— Gray hairstreaks feed on clover, cotton, mallow and pecan. Juniper hairstreaks, as the name implies, prefer junipers and red cedars. Striped hairstreak caterpillars can be found on ironwoods and oak while adult butterflies sip nectar from goldenrod, milkweed and viburnums such as the Louisiana Super Plant, Mrs. Schiller's Delight viburnum.

— Hackberry emperor feeds on several species of hackberry while mourning cloak, question mark and painted lady caterpillars all feed on American elm.

— Willow trees are the host plant of the viceroy butterflies that closely resemble the monarch, and eastern tiger swallowtails can be found on tulip poplar, ironwood and willow. Zebra swallowtails can be found only on pawpaw trees.

— Spotted aptelodes host plants include ash, maple and oak. Red-spotted purple caterpillars can be found on oak, willow and ironwood trees. Banded tussock moth caterpillars and adult moths feed on ash, elm and hackberry.

— Luna moth host trees include alder, beech, black walnut, butternut, hickory, pecan, persimmon, sweet gum, sumac and willow. Promethea moth host plants include black cherry and sweetbay magnolia.

— Rosy maple moths are specific to red maple. Tulip tree silk moth prefers tulip poplar trees, and the bald cypress sphinx moth is host-specific to the bald cypress.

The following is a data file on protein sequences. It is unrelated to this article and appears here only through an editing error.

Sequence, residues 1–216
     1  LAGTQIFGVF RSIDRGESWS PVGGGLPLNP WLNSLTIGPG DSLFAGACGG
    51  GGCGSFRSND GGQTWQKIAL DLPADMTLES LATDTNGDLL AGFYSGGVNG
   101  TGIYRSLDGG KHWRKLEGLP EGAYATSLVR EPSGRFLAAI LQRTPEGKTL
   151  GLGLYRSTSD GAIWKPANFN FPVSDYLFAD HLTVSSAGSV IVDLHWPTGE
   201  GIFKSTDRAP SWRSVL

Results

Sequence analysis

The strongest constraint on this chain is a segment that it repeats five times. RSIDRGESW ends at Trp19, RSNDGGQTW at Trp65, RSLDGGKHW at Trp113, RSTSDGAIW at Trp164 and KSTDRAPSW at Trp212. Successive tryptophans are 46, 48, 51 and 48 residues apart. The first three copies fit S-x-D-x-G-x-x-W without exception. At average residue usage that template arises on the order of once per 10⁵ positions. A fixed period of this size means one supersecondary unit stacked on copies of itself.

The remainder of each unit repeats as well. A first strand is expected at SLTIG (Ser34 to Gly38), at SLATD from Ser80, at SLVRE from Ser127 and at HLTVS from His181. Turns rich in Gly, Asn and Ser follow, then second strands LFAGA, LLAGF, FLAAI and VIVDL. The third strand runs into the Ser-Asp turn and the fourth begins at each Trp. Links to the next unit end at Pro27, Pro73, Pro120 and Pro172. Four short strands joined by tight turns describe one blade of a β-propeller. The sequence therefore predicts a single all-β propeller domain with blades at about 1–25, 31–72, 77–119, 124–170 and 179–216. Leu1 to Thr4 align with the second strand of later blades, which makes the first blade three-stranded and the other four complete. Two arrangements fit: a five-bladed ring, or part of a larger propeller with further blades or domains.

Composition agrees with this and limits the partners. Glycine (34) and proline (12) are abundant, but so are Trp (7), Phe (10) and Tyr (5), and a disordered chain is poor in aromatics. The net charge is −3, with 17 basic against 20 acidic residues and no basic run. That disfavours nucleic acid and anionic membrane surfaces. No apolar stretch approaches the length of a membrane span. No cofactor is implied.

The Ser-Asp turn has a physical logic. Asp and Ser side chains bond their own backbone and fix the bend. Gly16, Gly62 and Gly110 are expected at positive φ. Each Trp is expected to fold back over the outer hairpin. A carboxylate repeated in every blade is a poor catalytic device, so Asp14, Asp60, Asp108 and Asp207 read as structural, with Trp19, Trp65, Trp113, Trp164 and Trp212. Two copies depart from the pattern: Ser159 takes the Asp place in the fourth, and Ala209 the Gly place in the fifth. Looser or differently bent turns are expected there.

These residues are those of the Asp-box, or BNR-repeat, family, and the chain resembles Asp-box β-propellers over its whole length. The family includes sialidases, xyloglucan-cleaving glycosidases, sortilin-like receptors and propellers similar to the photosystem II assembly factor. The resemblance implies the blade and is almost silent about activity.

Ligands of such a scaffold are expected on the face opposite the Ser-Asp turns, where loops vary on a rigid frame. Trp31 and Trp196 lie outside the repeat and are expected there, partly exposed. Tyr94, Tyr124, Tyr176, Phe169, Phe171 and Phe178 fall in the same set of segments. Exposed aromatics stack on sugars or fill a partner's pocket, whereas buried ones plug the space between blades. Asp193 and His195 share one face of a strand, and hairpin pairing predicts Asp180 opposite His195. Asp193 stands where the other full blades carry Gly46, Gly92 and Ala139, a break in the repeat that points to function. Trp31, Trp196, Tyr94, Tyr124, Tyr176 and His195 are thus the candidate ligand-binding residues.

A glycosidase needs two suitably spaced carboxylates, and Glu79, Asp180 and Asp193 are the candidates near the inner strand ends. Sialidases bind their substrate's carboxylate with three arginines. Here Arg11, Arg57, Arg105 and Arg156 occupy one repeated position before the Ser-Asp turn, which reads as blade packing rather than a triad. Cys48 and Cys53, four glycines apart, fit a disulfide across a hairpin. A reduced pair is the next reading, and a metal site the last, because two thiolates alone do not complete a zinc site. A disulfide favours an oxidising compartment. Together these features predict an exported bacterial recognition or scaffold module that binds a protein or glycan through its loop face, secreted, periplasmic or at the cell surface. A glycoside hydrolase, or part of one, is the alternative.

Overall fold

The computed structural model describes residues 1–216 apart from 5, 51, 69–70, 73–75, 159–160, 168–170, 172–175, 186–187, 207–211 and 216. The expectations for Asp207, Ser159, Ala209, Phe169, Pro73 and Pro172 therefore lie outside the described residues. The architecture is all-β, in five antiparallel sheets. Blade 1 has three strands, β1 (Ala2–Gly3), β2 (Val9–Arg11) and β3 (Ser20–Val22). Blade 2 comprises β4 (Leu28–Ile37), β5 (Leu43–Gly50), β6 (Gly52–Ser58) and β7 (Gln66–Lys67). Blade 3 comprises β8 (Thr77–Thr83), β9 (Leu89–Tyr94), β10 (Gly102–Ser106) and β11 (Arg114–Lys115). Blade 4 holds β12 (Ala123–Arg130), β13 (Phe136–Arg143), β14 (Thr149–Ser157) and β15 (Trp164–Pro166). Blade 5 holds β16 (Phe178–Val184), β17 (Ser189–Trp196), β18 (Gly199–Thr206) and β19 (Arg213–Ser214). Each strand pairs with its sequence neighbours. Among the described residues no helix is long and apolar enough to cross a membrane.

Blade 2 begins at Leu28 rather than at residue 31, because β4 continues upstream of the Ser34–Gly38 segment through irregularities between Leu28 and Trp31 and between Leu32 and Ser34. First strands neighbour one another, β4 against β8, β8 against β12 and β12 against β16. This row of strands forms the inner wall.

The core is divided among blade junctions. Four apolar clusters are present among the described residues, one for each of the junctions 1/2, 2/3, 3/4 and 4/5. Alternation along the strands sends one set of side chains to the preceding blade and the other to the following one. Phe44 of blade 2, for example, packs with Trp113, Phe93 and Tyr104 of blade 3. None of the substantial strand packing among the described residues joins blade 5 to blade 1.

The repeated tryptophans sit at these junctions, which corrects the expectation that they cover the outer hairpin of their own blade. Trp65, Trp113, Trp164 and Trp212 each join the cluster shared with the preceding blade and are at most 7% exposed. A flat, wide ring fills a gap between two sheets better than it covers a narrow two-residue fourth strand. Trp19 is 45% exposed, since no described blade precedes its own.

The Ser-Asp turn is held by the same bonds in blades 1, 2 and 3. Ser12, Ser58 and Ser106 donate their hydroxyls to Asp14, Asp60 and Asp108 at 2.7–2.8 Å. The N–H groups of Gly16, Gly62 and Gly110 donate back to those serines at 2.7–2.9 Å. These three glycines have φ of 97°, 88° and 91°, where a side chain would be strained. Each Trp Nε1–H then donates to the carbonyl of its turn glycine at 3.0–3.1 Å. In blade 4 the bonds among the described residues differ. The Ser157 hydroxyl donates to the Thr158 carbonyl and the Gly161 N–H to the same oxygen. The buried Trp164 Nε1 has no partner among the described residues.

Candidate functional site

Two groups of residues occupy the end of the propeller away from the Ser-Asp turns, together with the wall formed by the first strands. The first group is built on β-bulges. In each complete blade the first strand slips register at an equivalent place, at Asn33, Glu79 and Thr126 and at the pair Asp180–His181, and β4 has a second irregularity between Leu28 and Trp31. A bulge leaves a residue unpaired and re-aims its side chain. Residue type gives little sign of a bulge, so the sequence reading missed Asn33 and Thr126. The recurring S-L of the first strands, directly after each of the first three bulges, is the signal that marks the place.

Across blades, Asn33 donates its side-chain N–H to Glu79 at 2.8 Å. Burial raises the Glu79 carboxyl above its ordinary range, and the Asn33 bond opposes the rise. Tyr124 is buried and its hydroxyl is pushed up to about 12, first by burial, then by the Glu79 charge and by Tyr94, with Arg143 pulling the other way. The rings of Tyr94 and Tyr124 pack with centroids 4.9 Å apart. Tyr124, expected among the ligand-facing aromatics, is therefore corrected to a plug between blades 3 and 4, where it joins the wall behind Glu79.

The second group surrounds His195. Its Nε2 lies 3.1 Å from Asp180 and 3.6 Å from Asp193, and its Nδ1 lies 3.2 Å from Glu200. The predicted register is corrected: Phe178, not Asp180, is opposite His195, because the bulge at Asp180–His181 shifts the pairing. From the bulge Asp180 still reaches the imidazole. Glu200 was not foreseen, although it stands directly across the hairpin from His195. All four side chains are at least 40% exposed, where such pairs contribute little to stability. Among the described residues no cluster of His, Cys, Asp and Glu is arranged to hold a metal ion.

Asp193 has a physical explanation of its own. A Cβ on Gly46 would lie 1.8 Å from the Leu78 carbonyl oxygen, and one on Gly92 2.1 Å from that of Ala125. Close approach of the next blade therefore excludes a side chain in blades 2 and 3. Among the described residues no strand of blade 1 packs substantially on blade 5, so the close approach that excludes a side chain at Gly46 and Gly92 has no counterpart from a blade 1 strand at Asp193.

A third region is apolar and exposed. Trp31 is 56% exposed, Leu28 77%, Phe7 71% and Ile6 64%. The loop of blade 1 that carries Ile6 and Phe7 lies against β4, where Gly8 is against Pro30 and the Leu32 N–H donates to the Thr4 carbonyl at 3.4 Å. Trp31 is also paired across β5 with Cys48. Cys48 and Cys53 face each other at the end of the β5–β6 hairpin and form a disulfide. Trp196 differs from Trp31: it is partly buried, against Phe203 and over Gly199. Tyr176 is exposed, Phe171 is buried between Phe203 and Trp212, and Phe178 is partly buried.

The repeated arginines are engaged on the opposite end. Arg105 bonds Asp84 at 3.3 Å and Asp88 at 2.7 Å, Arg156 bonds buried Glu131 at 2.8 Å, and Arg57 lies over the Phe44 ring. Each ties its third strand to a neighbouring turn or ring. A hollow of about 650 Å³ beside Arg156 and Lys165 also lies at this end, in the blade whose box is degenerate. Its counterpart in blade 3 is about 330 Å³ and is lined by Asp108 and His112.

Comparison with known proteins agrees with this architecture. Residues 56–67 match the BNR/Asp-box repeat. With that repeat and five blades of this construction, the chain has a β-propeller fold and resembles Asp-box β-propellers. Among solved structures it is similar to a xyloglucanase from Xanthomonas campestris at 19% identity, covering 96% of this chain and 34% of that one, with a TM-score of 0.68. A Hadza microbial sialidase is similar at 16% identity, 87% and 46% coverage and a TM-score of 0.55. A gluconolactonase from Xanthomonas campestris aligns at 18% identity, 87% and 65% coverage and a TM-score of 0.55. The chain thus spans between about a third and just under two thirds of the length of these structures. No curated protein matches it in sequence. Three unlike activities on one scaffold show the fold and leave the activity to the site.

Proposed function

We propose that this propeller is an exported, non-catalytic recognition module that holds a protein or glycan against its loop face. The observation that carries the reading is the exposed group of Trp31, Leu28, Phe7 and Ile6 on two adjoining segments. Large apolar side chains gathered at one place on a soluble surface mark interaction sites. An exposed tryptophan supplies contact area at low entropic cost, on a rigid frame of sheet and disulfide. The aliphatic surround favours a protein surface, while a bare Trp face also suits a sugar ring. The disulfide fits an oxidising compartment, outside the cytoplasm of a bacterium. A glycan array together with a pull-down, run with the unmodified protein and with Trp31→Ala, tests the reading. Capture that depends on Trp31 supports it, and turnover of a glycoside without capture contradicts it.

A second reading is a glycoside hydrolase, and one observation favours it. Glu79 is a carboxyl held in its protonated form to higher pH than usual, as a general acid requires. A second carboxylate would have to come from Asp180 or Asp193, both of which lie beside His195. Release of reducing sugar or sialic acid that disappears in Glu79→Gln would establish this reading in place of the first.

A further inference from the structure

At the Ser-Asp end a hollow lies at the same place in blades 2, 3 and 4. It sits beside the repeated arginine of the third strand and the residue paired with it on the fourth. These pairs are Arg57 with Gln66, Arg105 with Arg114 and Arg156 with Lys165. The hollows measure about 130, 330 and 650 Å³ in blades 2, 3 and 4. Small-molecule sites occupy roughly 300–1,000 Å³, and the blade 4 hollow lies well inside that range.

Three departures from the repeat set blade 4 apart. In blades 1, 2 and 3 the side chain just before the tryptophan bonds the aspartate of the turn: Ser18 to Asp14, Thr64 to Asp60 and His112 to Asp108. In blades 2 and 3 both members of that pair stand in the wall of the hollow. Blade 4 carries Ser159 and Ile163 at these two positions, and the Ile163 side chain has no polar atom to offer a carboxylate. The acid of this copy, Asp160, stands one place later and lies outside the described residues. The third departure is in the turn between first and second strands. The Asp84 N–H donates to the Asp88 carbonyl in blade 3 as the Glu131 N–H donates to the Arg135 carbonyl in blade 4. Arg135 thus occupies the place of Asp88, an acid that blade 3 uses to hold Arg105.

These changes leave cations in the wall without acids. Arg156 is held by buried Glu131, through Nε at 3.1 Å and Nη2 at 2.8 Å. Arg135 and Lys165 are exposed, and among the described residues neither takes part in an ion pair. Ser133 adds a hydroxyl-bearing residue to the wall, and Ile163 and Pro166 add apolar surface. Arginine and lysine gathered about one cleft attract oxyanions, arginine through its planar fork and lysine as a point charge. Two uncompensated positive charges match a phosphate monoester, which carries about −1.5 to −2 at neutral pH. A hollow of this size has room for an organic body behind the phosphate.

— Hydrangea sphinx moth larval host plants include hydrangea and buttonbush, and pawpaw sphinx larval host plants include pawpaw, some species of holly and inkberry.

— Rustic sphinx caterpillar host plants include fringe tree and Grancy greybeard while small-eyed sphinx feed on a variety of plants, including black cherry, chokecherry, sour cherry, serviceberry and basswood.

— The spicebush swallowtail feed on spicebush, camphor tree, sassafras and red bay, and the woolly worm or banded woolly bear devours dandelion, aster, birch and goldenrod so prominent in the fall.

At this time at the end of the growing season for deciduous trees, these beautiful critters provide an insight into the natural world of wonder for children and adults alike.

If you enjoy seeing these caterpillars, many host plants are available for luring insects, and native plants are the best way to go. Don’t forget native milkweeds, passion flower vine and citrus.

By adding host plants and trees to your landscape, you can attract beautiful butterflies and moths each season while providing habitat for the pollinators and other wildlife. In addition, you’re adding natural beauty and wonder to your landscape.

Gulf flitillary catepillar in mid chrysali.

Gulf fritillary caterpillar in mid-chrysalis formation. A full chrysalis can be seen above on upper branch. Photo by Heather Kirk-Ballard/LSU AgCenter

Luna moth found on pecan.

Luna moth caterpillar found on a pecan tree. Photo by Heather Kirk-Ballard/LSU AgCenter

Sphinx moth on native perennial native flower.

Sphinx moth caterpillar on native perennial native flower. Photo by Heather Kirk-Ballard/LSU AgCenter

Monarch butterfly caterpillar on host plant milkweed.

Monarch butterfly caterpillar on host plant milkweed. Photo by Heather Kirk-Ballard/LSU AgCenter

10/9/2020 2:40:06 PM